Former Cabinet Secretary TSR Subramanian will be the principal architect of the new policy that will chart the future course of education in India.
The Ministry of Human Resource Development (HRD) is set to announce the constitution of a five-member committee that will be entrusted with the responsibility of drafting the country’s third National Education Policy (NEP) since Independence. The panel will be headed by Subramanian and will have four other retired bureaucrats as its members.
Top ministry sources confirmed that Shailaja Chandra, who retired as the chief secretary of Delhi government, and Sudhir Mankad, who served as the chief secretary of Gujarat from 2005 to 2007, will also be part of the drafting panel.
Subramanian said he wasn’t aware of this development. “I haven’t heard anything formally from the (HRD) ministry,” he told The Indian Express. Chandra could not be contacted for comment. A formal announcement on the committee is expected on Saturday, which is also the birth anniversary of Sardar Vallabhbhai Patel. HRD Ministry spokesperson Ghanshyam Goel was also unavailable for comment.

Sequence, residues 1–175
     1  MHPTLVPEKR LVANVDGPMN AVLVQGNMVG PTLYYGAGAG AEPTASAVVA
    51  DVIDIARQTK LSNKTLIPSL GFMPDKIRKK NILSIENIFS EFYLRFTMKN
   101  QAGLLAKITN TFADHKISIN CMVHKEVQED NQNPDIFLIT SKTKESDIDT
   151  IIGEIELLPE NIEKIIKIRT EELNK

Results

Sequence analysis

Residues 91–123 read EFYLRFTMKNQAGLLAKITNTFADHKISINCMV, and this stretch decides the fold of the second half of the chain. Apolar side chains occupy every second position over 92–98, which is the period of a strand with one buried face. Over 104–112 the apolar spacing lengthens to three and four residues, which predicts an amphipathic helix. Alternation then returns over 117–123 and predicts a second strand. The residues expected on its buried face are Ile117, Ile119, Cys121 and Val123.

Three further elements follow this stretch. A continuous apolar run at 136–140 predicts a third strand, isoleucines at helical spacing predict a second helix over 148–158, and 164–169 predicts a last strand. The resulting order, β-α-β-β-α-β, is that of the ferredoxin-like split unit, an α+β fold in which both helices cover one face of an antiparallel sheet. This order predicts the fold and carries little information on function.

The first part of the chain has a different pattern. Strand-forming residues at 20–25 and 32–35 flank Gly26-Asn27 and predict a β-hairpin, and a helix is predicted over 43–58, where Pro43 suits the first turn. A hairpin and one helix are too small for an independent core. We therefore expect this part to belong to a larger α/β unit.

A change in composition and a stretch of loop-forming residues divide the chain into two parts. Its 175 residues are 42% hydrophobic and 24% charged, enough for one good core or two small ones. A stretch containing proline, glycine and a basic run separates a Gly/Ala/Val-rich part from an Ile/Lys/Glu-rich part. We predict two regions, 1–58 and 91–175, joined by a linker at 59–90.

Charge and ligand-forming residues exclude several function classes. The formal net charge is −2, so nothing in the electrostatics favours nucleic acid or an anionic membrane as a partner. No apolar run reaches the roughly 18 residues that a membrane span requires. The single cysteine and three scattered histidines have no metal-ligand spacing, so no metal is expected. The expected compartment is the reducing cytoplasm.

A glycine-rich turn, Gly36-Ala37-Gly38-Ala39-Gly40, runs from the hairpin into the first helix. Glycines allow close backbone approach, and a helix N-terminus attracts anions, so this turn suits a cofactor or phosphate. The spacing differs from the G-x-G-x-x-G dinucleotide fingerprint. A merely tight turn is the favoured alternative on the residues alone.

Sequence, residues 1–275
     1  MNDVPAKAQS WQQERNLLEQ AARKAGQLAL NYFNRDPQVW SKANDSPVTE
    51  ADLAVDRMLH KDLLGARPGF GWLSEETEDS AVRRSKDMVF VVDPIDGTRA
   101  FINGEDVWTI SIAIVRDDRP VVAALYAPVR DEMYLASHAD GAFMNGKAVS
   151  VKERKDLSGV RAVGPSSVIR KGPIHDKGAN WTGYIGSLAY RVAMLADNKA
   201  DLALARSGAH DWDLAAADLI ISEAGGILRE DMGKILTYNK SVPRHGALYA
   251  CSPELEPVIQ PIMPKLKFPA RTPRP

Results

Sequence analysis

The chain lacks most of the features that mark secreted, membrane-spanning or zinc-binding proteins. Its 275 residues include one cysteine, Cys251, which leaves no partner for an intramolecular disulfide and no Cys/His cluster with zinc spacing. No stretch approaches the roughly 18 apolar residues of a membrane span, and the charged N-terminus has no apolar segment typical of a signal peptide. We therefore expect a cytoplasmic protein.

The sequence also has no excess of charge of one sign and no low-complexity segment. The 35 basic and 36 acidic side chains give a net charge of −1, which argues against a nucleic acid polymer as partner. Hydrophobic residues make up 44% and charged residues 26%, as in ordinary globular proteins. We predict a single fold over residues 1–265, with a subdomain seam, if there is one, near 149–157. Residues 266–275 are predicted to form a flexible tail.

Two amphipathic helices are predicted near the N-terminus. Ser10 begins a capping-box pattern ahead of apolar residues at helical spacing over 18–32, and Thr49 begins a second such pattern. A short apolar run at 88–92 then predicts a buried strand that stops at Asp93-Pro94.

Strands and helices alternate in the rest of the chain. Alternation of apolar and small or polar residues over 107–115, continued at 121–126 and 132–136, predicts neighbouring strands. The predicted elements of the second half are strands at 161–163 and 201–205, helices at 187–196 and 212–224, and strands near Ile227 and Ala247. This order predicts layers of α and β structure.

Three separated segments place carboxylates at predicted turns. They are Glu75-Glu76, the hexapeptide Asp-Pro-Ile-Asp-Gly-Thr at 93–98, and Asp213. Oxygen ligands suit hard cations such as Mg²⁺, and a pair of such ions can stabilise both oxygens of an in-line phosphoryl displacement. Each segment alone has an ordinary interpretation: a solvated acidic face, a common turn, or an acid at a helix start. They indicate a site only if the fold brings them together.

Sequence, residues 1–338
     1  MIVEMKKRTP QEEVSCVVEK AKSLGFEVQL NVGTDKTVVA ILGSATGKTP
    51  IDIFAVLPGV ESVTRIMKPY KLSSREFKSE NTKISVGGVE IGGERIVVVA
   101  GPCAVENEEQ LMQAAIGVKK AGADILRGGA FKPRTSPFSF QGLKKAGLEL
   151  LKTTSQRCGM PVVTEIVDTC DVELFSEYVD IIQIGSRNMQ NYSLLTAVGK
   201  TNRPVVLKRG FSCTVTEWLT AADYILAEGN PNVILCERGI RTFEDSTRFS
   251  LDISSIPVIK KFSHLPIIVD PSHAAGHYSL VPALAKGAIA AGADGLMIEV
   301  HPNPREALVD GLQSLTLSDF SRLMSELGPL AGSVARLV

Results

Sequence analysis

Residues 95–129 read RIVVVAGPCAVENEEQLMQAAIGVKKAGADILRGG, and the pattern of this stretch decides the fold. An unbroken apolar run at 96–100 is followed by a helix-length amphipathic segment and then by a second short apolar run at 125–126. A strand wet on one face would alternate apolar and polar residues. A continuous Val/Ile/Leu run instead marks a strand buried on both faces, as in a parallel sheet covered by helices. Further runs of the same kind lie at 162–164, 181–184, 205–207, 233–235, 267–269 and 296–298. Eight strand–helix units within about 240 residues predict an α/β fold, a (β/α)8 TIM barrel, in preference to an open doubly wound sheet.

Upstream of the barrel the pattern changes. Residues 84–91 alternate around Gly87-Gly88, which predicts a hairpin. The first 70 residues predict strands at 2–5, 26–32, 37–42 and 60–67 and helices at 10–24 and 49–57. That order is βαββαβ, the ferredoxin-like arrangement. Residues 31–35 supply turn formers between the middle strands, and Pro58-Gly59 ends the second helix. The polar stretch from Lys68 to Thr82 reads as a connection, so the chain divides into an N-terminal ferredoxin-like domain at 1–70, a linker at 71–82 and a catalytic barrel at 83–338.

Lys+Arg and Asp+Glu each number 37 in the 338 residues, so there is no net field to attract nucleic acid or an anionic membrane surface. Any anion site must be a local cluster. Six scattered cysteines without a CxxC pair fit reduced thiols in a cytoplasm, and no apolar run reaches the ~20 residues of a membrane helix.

The first Education Policy was introduced in 1968 under the Indira Gandhi government following recommendations of the Kothari Commission. In 1986, Rajiv Gandhi announced the second policy on education which resulted in Operation Blackboard, a centrally-sponsored programme to supply the bare minimum crucial facilities to all primary schools. In 1992, this policy was modified under the prime ministership of P V Narsimha Rao.
The Subramanian panel will assess the status of the present education scenario, review the impact of the 1986 policy and the amended education policy of 1992, assimilate the feedback based on grassroot-level consultations and draft a new one keeping in mind the changed social, economic and technological context. The committee will be asked to submit its report by year end.
The HRD Ministry, under Smriti Irani, had earlier this year launched nation-wide consultations, at gram panchayat, block, district and state level, to collect feedback and suggestions for the new policy. This feedback will be provided to the drafting committee.
The UPA-II government, in the fag end of its tenure, had also made attempts to set the ball rolling for a new national education policy but it fell apart after noted sociologist Andre Beteille disassociated himself from the effort.